Invokana (canagliflozin) is a diabetes drug that prevents the kidneys from reabsorbing glucose, allowing blood sugar to be expelled in the urine. It was approved by the U.S. Food and Drug Administration (FDA) in 2013 as the first of a new class of diabetes medicines called sodium-glucose co-transporter 2 inhibitors (SGLT2 inhibitors).
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What Consumers Should Know About Invokana
In recent years, Invokana has been associated with a number of possible side effects. Among these are a higher risk of lower-limb amputations, development of a flesh-eating bacteria on the genitals called Fournier’s gangrene, diabetic ketoacidosis, and kidney disease. As a result of these complications, thousands of people have filed lawsuits against Janssen Pharmaceuticals and Johnson & Johnson.
There have been some medical studies suggesting that Invokana can have positive effects aside from helping to reduce blood sugar, such as reducing the risk of heart disease and helping patients lose weight. However, these uses are not approved by the FDA, and it is unclear whether these benefits outweigh the more dangerous side effects associated with canagliflozin.
How Invokana Works
Like other SGLT2 inhibitors, Invokana works by blocking the sodium-glucose co-transporter 2 protein. Normally, this protein allows the kidneys to reabsorb glucose and return it to the bloodstream. However, by turning off the protein, canagliflozin – the active ingredient in Invokana – causes the kidneys to remove sugar from the body and excrete it through the urine.
It is important to know that Invokana is only approved for use with a doctor-approved diet and exercise. It is not intended to be a standalone treatment for diabetes. It may also be combined with other medications – for example, Invokamet is a combination of canagliflozin and metformin (Glucophage), another diabetes drug that helps reduce the production of glucose in the liver.
Who Should Avoid Invokana
While Invokana is approved for use by many people who have type 2 diabetes mellitus, some people may be more at risk of developing serious side effects than others.
Expectant and New Mothers: Because Invokana could impair kidney development in fetuses and infants up to age 2, women who are nursing or pregnant (especially in the second or third trimester) should avoid using Invokana. It is not recommended for use to treat gestational diabetes. If you become pregnant while taking Invokana, you should talk to your health care provider right away to discuss alternative treatments.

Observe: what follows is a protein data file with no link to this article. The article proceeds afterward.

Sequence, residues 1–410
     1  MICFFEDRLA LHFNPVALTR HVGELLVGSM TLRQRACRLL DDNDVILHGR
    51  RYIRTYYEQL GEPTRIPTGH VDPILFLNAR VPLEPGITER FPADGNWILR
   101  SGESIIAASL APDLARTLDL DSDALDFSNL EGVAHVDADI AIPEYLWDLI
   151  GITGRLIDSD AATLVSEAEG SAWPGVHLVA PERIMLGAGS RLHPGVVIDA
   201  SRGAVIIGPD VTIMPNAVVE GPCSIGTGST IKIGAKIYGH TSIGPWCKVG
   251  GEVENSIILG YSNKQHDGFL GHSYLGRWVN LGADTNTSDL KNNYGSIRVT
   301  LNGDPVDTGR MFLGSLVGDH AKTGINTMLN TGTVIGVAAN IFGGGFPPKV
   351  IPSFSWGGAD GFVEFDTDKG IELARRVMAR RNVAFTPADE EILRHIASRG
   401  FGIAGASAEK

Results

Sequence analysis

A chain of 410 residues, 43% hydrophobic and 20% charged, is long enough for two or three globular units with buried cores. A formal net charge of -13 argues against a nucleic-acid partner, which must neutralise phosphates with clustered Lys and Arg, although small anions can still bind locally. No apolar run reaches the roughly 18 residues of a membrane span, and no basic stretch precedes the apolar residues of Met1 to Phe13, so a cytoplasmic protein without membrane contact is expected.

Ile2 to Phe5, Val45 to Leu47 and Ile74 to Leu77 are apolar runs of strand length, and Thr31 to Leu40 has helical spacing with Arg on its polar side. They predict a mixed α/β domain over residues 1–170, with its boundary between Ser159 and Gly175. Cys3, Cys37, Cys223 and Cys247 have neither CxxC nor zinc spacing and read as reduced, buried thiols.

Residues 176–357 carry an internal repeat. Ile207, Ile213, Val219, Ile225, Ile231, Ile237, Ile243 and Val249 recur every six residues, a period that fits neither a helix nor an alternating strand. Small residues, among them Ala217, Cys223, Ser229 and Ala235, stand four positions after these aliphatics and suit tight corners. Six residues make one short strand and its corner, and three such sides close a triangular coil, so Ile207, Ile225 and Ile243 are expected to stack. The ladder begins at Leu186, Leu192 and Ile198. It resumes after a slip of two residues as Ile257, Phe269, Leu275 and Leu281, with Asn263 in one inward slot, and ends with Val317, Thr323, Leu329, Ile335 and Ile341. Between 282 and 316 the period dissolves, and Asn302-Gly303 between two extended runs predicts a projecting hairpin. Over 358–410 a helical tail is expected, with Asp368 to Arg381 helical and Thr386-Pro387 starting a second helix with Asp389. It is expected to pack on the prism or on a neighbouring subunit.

Children Under 18: There have been no reliable studies or clinical trials of Invokana in pediatric patients. Since the long-term effects of canagliflozin on children are still unknown, patients under the age of 18 should take Invokana.
Elderly Patients: Because older patients have reduced intravascular volume, they may be more susceptible to adverse reactions than younger patients. Clinical trials have shown that Individuals age 65 years and older have a higher occurrence of damaging side effects than those under age 65. The risk went up significantly in patients age 75 and older.
Individuals with Kidney Disease: Patients with even mild or moderate renal impairment (kidney disease) could be at a higher risk of suffering from severe complications, including life-threatening kidney problems, when taking Invokana. Invokana is not recommended for patients who receive dialysis.
People Who Are Allergic: Some people could be allergic to canagliflozin or one of Invokana’s non-active ingredients. Allergic reactions can include rash, hives, or swelling of the face, lips, tongue, or throat, which could lead to trouble breathing or swallowing.
Invokana Inactive Ingredients
- Croscarmellose sodium
- Hydroxypropyl cellulose
- Lactose anhydrous
- Magnesium stearate
- Microcrystalline cellulose
- Iron oxide yellow E172
- Polyvinyl alcohol
- Titanium dioxide
Who Makes Invokana?
Invokana was developed and marketed by Janssen Pharmaceuticals, Inc., a division of Johnson & Johnson. Janssen makes three drugs containing canagliflozin, the active ingredient in the drug.
- Invokana – contains canagliflozin
- Invokamet – contains canagliflozin and metformin hydrochloride
- Invokamet XR – contains canagliflozin and metformin hydrochloride in an “extended release” formula meant to allow once-per-day dosage
Invokana Side Effects and Complications
Canagliflozin has been associated with a number of extremely dangerous, and possibly even fatal, side effects.